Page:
“I try to engage with the dialogue about sex work. I ask them to stop excluding actual sex workers from the conversation about sex work, it’s patronising. Though I understand that the vast majority of these people are trying to help, it actually ends up being damaging, the ‘shh, we know what’s best for you, and you’re actually only doing this because you’re a victim who doesn’t have any choice’ is pretty infuriating because, whilst I’m in no way saying the sex industry is a perfect working environment, it is my choice to be here, and I think I would know if it was harmful to me. In fact, I love my job, it was working for minimum wage in shitty jobs, that was harmful, I once worked four jobs at the same time and still couldn’t afford a decent quality of life.
Imagine if it was any other marginalised group being excluded from a conversation about their rights – single mothers for example, feminists would be up in arms about that- where’s the parity?”
I have definitely seen these kinds of arguments play out online, and what strikes me is that both sides are really passionate and argue that they are campaigning for women’s rights and safety. This, and also the area of trans rights, seem to be such a fractious and confusing area of feminism. It’s pretty interesting to me as a therapist to see our group forming psychological nature at play – even the most trivial of differences will be used by us to divide us, to form subgroups. Perhaps this is why polarisation in politics can get so extreme so quickly, even between people who share a basic political stance.
“You know sex work is really something that is intersectional, sex work enables those that are disabled, single mothers, transgender, migrants, and even those with mental health issues, to work and support their families independently. I believe that if you care about marginalised groups, and claim to be feminist or an ally or just support these groups, you should support sex worker rights.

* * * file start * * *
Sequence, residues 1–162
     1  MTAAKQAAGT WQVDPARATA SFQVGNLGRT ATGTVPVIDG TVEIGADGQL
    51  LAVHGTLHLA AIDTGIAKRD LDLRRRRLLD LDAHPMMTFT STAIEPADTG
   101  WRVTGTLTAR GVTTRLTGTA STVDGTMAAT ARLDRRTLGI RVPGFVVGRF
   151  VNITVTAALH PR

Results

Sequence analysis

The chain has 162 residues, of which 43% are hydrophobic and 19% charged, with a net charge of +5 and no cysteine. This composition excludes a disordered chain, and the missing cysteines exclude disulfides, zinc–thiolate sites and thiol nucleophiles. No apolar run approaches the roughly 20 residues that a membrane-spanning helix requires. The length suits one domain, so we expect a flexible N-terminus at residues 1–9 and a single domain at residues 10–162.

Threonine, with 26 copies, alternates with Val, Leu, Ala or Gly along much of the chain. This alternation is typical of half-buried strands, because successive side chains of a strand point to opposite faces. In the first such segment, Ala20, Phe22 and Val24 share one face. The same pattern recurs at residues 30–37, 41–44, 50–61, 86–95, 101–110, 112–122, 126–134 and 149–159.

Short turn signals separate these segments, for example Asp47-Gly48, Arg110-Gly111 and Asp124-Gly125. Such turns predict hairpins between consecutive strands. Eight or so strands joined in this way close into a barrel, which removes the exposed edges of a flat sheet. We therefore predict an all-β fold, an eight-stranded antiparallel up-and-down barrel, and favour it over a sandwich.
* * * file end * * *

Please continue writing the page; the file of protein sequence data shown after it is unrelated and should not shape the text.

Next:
It is impossible to ignore the fact that austerity disproportionately impacts those groups, 86% of cuts have targeted women so yes, poverty does play a part in the choice people make to turn to sex work, but isn’t that the case for all work? Aren’t we all selling our time, often our physical labour, our emotional labour…that is what work is. Instead of going after the people who do sex work because that feels like the best option for them, we should be focusing on why people feel this way – looking at poverty and women’s rights etc.
“That being said, there are laws in place that make sex work needlessly dangerous,” PW calmly explains, “particularly for those who work alone. It is much safer for women to be able to organise themselves collectively, and to keep each other safe from potentially dangerous clients. Unfortunately, there are a number of laws in place currently that prevent sex workers from adequately protecting themselves in the UK. First of all, it is illegal for two or more prostitutes to work together. To be within the law, sex workers must work alone.”